keywords = "Economic factors, Energy consumption, Sustainable management, Urban areas, Water demand, Water management, Water use",
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N2 - Saving water saves energy. Consequently, implementing integrated water management (IWM) measures that reduce potable water consumption, stormwater runoff, and wastewater generation can potentially translate into significant energy savings. In this paper, the energy savings associated with IWM measures of rainwater harvesting and gray-water reuse are estimated, both at national and local utility scales using published data. At the national scale, it is estimated in this paper that up to 3.8 billion kWh and $270 million can potentially be saved annually by replacing landscape irrigation and other outdoor water uses through rainwater harvesting alone, and up to 14 billion kWh and $950 million in combination with gray-water reuse. Similarly, in Charlotte, North Carolina, the local water utility can potentially save up to 31 million kWh and $1.8 million annually. However, annual energy and associated cost savings per household are low at either scale, ranging between 1 and 120 kWh with associated cost savings of less than $10. These results are discussed in terms of energy savings' role in IWM policy considerations and promotion of sustainable water use in urban areas.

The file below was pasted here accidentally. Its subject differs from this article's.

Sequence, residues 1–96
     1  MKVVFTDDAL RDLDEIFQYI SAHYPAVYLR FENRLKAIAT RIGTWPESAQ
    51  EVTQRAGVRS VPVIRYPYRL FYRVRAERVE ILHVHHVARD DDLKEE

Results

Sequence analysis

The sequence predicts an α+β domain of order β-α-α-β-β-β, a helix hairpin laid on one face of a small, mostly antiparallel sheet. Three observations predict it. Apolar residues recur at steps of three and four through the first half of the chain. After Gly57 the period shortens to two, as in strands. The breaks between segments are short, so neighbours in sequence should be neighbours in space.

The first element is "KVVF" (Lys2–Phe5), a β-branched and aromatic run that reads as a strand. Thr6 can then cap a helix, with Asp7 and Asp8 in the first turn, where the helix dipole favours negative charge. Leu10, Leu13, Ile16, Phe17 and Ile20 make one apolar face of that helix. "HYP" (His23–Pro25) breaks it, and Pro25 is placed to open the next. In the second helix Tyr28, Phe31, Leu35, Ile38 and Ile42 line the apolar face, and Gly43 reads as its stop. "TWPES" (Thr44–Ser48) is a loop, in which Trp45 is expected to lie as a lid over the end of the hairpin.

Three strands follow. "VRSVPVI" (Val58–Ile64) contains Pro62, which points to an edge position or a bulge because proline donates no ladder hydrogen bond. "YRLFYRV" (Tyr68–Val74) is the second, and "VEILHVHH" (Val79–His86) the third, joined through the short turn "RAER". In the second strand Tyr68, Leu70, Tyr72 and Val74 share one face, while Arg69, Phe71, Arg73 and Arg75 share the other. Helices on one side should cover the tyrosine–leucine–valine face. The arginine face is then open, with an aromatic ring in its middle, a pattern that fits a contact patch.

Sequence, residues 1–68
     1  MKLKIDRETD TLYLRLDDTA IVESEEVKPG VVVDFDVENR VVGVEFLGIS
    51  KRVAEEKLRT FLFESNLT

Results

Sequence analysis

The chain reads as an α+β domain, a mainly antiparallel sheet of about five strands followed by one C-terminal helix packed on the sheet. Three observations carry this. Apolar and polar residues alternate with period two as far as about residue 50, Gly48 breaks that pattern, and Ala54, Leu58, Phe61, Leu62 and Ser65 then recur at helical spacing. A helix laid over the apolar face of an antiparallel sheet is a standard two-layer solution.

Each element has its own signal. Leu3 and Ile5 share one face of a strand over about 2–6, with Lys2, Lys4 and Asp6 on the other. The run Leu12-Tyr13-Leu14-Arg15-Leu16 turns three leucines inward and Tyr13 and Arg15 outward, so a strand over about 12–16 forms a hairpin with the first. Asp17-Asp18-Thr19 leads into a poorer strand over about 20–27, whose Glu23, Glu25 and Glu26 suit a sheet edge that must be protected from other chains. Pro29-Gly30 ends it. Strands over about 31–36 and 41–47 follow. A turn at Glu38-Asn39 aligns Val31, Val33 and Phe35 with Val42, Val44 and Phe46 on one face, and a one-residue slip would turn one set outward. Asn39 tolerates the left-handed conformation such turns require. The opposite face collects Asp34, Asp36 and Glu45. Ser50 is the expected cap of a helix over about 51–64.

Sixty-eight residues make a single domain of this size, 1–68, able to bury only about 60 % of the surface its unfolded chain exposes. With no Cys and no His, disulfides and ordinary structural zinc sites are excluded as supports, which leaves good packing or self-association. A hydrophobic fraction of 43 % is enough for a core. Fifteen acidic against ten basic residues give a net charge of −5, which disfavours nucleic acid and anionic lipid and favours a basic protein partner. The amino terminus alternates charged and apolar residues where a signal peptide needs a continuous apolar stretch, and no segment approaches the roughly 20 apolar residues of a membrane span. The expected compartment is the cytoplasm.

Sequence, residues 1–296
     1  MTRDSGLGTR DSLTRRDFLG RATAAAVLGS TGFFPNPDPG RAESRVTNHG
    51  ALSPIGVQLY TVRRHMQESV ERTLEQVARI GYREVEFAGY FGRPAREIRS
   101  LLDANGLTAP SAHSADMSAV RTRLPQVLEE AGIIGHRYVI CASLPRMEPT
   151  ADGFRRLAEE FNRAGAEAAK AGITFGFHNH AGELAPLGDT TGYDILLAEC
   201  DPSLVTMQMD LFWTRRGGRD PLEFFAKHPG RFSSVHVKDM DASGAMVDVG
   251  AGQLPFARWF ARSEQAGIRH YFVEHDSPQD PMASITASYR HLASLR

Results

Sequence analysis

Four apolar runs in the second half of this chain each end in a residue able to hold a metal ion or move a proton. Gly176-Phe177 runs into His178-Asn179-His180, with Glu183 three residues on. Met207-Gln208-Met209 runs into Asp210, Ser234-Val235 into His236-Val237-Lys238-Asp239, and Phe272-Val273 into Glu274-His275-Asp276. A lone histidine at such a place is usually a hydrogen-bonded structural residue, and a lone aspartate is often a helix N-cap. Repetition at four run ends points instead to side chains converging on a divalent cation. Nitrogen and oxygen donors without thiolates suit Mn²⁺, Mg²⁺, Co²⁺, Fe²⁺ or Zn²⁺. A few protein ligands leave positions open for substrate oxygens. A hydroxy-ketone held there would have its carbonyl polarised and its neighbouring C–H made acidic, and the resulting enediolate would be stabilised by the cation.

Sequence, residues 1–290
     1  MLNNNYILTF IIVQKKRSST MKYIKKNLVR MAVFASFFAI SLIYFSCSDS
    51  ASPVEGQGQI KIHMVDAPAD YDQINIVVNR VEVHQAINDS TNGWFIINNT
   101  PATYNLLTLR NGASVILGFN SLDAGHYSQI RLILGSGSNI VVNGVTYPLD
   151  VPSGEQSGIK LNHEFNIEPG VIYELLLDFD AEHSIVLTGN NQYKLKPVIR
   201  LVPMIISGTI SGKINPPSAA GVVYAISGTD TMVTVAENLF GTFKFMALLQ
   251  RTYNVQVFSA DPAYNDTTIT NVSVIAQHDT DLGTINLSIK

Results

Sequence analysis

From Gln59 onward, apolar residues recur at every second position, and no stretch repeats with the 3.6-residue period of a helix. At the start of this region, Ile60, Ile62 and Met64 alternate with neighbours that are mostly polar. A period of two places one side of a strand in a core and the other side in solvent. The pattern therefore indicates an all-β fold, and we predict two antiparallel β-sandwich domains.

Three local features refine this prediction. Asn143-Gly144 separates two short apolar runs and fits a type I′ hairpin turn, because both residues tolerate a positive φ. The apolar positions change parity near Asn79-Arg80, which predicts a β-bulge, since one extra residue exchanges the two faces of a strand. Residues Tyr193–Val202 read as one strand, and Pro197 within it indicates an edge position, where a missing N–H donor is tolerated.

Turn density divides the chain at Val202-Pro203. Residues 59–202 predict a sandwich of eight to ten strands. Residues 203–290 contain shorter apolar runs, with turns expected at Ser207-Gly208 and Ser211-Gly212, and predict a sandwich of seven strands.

AB - Saving water saves energy. Consequently, implementing integrated water management (IWM) measures that reduce potable water consumption, stormwater runoff, and wastewater generation can potentially translate into significant energy savings. In this paper, the energy savings associated with IWM measures of rainwater harvesting and gray-water reuse are estimated, both at national and local utility scales using published data. At the national scale, it is estimated in this paper that up to 3.8 billion kWh and $270 million can potentially be saved annually by replacing landscape irrigation and other outdoor water uses through rainwater harvesting alone, and up to 14 billion kWh and $950 million in combination with gray-water reuse. Similarly, in Charlotte, North Carolina, the local water utility can potentially save up to 31 million kWh and $1.8 million annually. However, annual energy and associated cost savings per household are low at either scale, ranging between 1 and 120 kWh with associated cost savings of less than $10. These results are discussed in terms of energy savings' role in IWM policy considerations and promotion of sustainable water use in urban areas.